The first in the list is a 70-meters yacht Olivia that was produced as a surveillance ship “Valerian Albanov” in 1972 to detect enemy submarines in northern seas. In 1999 it was sold to Norway and in 2010 it was bought by an Israeli billionaire Eyal Ofer who turned the Soviet ship into a super-yacht Olivia.

Soviet Ships Transformed Into Yachts For Millionaires

Soviet Ships Transformed Into Yachts For Millionaires

Soviet Ships Transformed Into Yachts For Millionaires

Former “Valerian Albanov” has a great seagoing performance and endurance, and it also has an ice class. The present-day Olivia is equipped with five guest cabins, a spa tub, deck chairs, a movie-theater and a splendid personal cabin for the owner of the yacht.

La Sultana

Soviet Ships Transformed Into Yachts For Millionaires
La Sultana

La Sultana yacht is a former “Ai-Petri” motor ship built in Bulgaria at the order of the USSR in 1962. Initially it served to transport Soviet citizens and loads across the Black Sea, in 1970 it relocated to the North Atlantic where it intercepted negotiations between crews of ships from NATO countries via radio communication.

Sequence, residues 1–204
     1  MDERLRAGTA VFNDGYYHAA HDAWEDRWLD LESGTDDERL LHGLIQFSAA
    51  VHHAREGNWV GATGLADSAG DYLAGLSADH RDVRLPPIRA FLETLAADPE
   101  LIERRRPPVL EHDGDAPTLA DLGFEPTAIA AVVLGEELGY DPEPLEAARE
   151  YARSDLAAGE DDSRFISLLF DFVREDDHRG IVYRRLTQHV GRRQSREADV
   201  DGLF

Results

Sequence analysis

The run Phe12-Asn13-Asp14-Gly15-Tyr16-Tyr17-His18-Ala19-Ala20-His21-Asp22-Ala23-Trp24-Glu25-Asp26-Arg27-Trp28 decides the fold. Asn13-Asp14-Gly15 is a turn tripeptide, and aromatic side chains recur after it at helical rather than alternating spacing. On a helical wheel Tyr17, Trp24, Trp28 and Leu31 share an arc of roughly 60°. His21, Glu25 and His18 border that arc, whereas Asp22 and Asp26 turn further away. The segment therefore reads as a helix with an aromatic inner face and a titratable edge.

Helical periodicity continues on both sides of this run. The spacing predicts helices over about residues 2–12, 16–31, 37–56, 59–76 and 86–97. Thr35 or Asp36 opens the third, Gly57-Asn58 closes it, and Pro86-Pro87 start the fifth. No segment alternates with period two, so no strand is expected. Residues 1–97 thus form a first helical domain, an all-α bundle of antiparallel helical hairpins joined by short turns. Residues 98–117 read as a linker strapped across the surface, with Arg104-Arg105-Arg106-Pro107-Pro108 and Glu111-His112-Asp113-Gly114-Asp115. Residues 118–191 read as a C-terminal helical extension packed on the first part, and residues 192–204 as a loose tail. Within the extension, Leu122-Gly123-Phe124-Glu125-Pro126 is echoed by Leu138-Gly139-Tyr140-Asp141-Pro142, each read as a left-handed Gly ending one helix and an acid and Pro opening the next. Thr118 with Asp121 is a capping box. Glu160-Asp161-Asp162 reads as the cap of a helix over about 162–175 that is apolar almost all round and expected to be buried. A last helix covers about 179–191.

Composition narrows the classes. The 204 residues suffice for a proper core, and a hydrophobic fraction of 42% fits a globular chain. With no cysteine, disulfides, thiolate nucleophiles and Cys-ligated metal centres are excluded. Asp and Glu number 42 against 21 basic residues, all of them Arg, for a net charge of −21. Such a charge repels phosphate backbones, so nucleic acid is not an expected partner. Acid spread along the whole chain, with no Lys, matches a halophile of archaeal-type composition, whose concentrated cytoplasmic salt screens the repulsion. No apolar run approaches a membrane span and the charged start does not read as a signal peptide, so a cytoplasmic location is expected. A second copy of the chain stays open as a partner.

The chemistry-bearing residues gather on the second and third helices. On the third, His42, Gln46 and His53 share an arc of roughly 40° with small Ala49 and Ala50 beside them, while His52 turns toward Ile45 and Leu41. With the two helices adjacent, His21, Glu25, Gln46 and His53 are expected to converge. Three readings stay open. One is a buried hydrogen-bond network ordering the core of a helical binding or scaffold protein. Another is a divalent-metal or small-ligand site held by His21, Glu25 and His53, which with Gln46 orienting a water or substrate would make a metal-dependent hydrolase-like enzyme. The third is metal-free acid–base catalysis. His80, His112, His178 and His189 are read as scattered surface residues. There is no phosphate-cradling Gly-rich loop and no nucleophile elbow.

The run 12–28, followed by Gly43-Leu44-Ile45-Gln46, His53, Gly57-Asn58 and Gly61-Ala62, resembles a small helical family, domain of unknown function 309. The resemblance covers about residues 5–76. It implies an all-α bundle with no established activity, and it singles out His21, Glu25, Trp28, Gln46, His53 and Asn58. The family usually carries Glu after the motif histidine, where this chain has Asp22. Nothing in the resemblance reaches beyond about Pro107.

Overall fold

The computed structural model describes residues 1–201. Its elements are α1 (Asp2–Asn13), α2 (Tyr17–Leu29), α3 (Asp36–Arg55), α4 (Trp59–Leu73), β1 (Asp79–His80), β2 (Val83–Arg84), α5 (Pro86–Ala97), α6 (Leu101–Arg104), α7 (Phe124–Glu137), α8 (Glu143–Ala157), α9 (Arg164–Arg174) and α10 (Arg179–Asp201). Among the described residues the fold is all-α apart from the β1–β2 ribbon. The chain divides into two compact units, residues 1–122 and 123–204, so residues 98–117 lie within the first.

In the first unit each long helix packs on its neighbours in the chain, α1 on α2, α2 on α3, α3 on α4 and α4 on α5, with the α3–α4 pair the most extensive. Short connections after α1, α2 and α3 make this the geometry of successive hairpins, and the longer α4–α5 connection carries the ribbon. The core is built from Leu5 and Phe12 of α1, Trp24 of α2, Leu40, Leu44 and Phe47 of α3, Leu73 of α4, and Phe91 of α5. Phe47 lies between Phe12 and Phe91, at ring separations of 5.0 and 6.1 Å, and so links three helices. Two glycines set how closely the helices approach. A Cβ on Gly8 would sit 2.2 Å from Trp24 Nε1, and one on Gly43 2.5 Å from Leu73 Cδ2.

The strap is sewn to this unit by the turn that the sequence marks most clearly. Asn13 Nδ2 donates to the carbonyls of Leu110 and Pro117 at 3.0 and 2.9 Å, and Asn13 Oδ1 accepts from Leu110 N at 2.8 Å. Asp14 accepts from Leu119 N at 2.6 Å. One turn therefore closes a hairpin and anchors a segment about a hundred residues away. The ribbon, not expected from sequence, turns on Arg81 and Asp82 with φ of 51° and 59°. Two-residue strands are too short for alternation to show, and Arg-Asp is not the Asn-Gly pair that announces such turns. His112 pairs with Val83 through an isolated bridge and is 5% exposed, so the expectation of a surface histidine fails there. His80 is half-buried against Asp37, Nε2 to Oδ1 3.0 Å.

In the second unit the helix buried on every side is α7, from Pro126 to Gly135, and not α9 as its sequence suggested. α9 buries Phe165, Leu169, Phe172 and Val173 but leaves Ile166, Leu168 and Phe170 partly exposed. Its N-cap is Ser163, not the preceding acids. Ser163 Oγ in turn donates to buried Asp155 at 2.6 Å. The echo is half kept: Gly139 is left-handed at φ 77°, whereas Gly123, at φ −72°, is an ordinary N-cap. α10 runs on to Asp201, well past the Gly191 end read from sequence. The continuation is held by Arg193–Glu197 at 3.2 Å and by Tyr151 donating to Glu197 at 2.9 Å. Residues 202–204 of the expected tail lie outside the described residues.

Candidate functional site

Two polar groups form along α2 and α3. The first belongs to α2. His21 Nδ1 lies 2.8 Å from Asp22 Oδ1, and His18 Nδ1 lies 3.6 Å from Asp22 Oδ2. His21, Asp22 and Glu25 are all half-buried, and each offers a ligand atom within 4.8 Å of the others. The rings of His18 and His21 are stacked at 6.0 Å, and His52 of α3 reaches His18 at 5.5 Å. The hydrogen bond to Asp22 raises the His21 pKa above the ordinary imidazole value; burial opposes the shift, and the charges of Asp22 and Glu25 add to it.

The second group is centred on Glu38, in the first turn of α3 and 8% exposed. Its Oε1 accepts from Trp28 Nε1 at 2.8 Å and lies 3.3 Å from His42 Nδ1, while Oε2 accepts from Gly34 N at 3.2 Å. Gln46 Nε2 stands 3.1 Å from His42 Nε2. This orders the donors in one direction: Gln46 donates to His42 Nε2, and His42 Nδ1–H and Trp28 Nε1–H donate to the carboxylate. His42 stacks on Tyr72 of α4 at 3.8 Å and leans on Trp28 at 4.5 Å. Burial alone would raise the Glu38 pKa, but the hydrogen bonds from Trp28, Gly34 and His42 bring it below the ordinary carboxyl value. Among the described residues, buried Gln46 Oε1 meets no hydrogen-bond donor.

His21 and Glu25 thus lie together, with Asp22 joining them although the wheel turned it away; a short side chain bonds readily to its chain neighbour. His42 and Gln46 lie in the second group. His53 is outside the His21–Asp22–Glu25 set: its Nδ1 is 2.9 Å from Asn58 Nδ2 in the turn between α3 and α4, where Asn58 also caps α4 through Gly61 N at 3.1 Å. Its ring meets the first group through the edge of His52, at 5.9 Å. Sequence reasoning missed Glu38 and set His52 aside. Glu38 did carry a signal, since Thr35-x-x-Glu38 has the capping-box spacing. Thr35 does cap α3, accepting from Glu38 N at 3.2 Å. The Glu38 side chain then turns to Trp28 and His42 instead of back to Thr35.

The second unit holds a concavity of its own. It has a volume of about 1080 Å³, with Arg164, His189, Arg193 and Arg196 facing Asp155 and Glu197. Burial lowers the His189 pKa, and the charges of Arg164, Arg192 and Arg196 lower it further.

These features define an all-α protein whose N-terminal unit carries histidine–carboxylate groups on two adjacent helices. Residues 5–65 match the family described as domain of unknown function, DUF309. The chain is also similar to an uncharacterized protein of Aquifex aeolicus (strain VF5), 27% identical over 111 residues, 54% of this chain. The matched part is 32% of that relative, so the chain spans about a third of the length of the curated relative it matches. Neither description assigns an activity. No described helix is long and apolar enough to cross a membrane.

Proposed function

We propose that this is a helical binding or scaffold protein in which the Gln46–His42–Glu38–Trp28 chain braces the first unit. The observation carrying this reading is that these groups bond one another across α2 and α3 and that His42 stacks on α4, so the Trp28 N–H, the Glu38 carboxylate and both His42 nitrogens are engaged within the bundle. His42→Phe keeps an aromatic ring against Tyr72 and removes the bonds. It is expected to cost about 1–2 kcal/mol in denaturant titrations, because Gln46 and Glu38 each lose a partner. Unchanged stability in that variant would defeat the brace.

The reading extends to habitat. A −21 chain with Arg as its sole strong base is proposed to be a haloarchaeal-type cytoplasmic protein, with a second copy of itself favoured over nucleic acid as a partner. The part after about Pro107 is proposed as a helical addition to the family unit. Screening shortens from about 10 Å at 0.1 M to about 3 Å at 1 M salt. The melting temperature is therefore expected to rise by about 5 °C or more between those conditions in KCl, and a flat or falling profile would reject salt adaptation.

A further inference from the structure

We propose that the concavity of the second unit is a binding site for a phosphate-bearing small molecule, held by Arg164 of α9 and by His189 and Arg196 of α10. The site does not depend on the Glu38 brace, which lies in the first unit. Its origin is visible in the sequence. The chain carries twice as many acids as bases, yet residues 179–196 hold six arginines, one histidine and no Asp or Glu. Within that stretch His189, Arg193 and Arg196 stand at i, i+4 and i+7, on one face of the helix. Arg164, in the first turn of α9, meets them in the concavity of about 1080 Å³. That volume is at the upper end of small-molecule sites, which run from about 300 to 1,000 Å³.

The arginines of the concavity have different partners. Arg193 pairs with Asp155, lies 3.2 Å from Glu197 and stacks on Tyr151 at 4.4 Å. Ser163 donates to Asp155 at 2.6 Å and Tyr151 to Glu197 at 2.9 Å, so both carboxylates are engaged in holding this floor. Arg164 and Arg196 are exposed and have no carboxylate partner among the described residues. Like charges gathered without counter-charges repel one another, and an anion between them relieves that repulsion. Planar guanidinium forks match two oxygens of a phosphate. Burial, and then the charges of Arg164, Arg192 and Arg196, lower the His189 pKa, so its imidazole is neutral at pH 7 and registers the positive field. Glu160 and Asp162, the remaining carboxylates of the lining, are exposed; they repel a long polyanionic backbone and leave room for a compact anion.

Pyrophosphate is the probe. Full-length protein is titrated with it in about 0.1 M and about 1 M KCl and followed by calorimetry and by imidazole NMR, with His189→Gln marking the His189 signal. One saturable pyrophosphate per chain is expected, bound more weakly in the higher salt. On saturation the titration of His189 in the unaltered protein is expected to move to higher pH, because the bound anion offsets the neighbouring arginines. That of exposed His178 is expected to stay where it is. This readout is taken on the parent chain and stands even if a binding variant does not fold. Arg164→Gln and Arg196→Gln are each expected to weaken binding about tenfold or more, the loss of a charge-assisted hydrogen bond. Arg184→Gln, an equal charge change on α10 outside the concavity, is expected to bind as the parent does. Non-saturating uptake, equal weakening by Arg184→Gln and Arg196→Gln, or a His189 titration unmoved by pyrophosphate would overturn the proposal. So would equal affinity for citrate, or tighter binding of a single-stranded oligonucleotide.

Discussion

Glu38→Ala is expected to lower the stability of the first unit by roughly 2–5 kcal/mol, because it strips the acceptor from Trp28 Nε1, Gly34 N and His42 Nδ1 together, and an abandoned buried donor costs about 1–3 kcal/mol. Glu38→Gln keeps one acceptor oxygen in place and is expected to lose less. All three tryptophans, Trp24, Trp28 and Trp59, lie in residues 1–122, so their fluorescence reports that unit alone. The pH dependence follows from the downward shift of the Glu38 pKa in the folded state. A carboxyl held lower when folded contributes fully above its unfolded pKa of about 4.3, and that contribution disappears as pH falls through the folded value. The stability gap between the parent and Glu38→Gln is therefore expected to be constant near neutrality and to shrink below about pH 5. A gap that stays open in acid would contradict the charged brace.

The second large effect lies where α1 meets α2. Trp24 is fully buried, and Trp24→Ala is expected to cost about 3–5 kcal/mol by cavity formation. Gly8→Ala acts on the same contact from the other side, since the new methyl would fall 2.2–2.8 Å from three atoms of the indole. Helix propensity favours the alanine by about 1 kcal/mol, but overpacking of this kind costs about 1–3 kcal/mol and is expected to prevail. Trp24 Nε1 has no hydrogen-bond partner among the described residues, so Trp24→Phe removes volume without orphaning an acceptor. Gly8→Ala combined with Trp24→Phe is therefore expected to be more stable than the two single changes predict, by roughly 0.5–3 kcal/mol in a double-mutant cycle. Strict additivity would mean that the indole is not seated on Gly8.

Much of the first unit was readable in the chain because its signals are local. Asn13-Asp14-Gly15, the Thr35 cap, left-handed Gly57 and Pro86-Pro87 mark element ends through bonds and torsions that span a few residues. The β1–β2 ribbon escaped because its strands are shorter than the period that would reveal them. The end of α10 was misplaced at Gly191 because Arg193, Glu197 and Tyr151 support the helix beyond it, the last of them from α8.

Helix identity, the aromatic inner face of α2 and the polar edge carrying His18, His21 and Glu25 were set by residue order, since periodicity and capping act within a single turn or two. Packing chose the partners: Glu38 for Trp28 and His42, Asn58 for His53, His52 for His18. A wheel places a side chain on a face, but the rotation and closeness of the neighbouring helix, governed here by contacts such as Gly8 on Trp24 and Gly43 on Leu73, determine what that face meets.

Soviet Ships Transformed Into Yachts For Millionaires

Soviet Ships Transformed Into Yachts For Millionaires

Soviet Ships Transformed Into Yachts For Millionaires

Soviet Ships Transformed Into Yachts For Millionaires

After the collapse of the USSR “Ai Petri” found itself in Bulgaria, in 2007 it was bought by La Sultana Group company to be reequipped into a posh yacht. 12 guests may rest aboard La Sultana now, they enjoy seven cabins with marble baths and panoramic windows. The yacht also has a canteen, a pool, a bar and a helideck.

Legend

Soviet Ships Transformed Into Yachts For Millionaires

Former Soviet ice-breaker “Giant”, currently – yacht Legend.

Until 1992 this ice-breaking tug had been functioning as a unit of “Sevryba” association (“Northern fish”). In 2003 it was sold to the Germans where it was transformed into a charter yacht to cruise to Antarctica, Greenland and the Baltic Sea.

Soviet Ships Transformed Into Yachts For Millionaires

Soviet Ships Transformed Into Yachts For Millionaires

Soviet Ships Transformed Into Yachts For Millionaires

Soviet Ships Transformed Into Yachts For Millionaires



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How Clueless transformed the movie makeover



Cher begins the film already looking like an ‘after’ photo, so her transformation comes from popping the bubble of her privileged lifestyle. She participates in her teacher’s charity drive, gives away lots of her material possessions, and becomes friends with peers, like stoner Travis, who she had previously excluded. On top of that, realising that her love interest Josh is attracted to brains as much as beauty, she starts watching the news, and helping with her dad’s legal work.